Famous Triathletes: Bob Babbitt

Triathlon events always bring together a mixed bunch of folks. Some are there for the fame and the monetary rewards, while there are those who join to satisfy their curiosity about this very popular sport. But regardless of personal backgrounds or motivations for joining, one thing seems to be common among those who join triathlons, and that is this: having the guts to attempt to conquer the most difficult of elements, and come out a better person in the end.

One of those who were changed forever for the better by the sport of triathlon is Bob Babbitt.

Bob Babbitt(image via www.usatriathlon.org)

Bob Babbitt
(image via www.usatriathlon.org)

Who is Bob Babbitt?

Bob Babbitt was a Physical Education teacher who moved from Chicago, Illinois to San Diego, California in 1978. In late 1979, he read Barry McDermott’s piece on Tom Warren in the Sports Illustrated magazine. He got so inspired by the story of the 1979 Hawaii Ironman champion as well as the other athletes featured that he wanted to give the event a try as well.

Preparing for the 1980 Hawaii Ironman

Back then, there were hardly any books about race training and nutrition. Though jogging was in full swing, thanks to folks like Dave Pain who helped launch running as a sport, folks who wanted to learn more about the ins and outs of athleticism on their own had no reliable materials they could turn to.

Because this was the case, Babbitt immediately considered approaching Warren. No other individual would be more qualified than him to teach Babbitt how to train for the event. Warren was after all the 1979 Ironman.

So Babbitt called Warren, and was able to convince the latter to mentor him and roommate Ned Overend. Babbitt and Overend trained furiously for the upcoming January 10, 1980 Ironman to be held in the island of Oahu. They would do hundreds of laps in a 15-meter apartment pool just so they could cover the 2.4-mile swim required for the event.

They each bought a bike, and his was from a police auction, complete with a charred seat end. Because he had no idea how to change a flat tire, he outfitted his new secondhand bike with solid rubber tires.

His first Hawaii Ironman race

Babbitt flew with Overend and their support crew to Hawaii. He sincerely thought that he was going to do the race for two days so he brought a tent and sleeping bag with him.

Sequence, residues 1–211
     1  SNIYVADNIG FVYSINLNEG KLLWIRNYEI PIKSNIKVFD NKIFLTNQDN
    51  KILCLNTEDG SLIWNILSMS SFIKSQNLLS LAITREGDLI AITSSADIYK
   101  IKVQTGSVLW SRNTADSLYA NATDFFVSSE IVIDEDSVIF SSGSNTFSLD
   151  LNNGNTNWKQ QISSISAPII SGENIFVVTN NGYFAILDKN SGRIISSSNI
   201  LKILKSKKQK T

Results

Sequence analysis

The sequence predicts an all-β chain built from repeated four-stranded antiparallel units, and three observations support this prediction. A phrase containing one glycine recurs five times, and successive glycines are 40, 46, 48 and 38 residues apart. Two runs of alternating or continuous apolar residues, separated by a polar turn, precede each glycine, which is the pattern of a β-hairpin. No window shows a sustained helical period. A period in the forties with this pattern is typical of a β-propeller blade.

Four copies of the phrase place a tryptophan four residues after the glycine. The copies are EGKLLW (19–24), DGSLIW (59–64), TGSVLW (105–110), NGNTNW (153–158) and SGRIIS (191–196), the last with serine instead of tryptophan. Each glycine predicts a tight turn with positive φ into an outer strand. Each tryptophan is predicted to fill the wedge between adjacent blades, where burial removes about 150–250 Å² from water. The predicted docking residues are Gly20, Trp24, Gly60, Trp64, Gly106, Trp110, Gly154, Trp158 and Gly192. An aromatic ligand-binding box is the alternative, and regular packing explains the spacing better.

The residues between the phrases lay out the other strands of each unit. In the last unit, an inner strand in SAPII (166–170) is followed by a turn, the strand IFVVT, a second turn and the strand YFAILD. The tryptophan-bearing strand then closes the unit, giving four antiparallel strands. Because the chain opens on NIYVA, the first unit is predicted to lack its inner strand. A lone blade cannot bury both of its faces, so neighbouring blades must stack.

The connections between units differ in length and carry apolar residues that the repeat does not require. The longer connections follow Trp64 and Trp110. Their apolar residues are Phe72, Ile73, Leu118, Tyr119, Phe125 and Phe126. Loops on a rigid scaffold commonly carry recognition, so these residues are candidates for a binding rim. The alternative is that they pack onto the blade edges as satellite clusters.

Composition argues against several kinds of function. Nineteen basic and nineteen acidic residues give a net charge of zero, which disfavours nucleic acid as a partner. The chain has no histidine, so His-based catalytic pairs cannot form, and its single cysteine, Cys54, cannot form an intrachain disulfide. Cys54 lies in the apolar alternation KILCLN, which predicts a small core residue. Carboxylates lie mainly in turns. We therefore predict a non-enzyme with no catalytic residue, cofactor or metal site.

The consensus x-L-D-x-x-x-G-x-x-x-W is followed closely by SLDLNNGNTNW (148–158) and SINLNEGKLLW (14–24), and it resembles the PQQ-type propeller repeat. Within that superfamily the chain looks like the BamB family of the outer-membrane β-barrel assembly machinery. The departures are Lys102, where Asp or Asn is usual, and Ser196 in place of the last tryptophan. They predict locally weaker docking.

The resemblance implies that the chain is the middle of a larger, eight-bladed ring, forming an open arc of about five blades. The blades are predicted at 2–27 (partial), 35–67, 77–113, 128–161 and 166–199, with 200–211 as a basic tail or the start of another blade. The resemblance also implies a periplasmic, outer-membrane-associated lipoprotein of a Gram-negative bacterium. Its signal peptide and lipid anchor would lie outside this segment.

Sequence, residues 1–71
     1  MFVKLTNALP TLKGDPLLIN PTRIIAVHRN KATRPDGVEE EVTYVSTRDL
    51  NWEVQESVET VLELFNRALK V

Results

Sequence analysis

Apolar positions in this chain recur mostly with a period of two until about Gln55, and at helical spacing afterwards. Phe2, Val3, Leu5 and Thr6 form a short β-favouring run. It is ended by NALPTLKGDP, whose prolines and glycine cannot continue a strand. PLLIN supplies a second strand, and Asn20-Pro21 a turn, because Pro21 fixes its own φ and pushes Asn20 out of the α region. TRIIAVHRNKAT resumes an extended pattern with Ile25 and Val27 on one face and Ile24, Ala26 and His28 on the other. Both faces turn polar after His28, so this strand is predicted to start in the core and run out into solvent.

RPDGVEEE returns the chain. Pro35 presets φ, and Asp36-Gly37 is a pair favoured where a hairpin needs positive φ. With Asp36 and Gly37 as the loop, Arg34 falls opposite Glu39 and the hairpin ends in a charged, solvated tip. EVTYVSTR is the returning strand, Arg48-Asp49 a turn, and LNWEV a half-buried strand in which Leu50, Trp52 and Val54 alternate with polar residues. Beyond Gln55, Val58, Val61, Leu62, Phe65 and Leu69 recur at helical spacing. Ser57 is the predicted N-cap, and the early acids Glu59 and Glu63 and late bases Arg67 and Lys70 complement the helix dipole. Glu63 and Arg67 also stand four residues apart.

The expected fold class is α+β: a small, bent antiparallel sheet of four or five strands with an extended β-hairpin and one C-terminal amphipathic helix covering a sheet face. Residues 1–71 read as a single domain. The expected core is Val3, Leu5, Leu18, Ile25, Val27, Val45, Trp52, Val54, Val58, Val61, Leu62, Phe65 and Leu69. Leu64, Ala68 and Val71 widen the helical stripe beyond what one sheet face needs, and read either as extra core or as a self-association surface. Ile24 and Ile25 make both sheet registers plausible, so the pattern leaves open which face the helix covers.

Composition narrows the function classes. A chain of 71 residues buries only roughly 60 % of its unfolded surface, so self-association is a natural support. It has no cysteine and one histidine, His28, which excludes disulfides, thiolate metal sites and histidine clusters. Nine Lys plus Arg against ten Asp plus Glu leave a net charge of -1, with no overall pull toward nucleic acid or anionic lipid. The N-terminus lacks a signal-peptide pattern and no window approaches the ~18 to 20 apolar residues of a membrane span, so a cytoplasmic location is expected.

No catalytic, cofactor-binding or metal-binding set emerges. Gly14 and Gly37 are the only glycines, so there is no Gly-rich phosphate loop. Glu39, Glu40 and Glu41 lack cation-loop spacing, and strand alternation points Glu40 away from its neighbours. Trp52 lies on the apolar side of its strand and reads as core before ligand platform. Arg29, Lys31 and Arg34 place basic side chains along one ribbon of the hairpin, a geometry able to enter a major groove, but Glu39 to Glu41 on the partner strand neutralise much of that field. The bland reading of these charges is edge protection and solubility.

January is storm month in Oahu. Days prior to the event, the organizers decided to move the swim leg to the protected Ala Moana Channel because the site for the Waikiki Roughwater Swim was too perilous. Fairly inexperienced in open and deepwater swimming, Babbitt made sure to swim at the shallow portion of the channel and somehow splashed out of the water unscathed.

He would proceed to do the second portion of the race donning a pair of beige shorts with a belt, and a long-sleeved shirt with pockets sewn at the back to store bags of Hawaiian sweet bread, his race food of choice. He’d slog through the bike which he’d rigged with a transistor radio on its fuzzy handlebars just so he’d have company during the long ride. He fitted it with panniers too to carry his tent and sleeping bag.

Through the race, he’d be fed by his crew with Big Mac, fries, and Coke, as well as a snow cone. He’d even gotten a 45-minute massage. His marathon was practically all walking and when he got weighed at one of the med stations, the aide was astonished that he’d gained instead of lost a few pounds, due to all the Hawaiian sweet bread he’d eaten.

Nearing the finish line, he couldn’t believe that he was able to do the race in one whole day. He expected to see crowds of people and a brass band to cheer and welcome his momentous finish. But all he saw ahead was a light bulb and the finish line drawn in chalk on the pavement. The official who was there asked him if he was part of the race, to which he replied a positive, in turn receiving a brisk reply that he’d completed the race.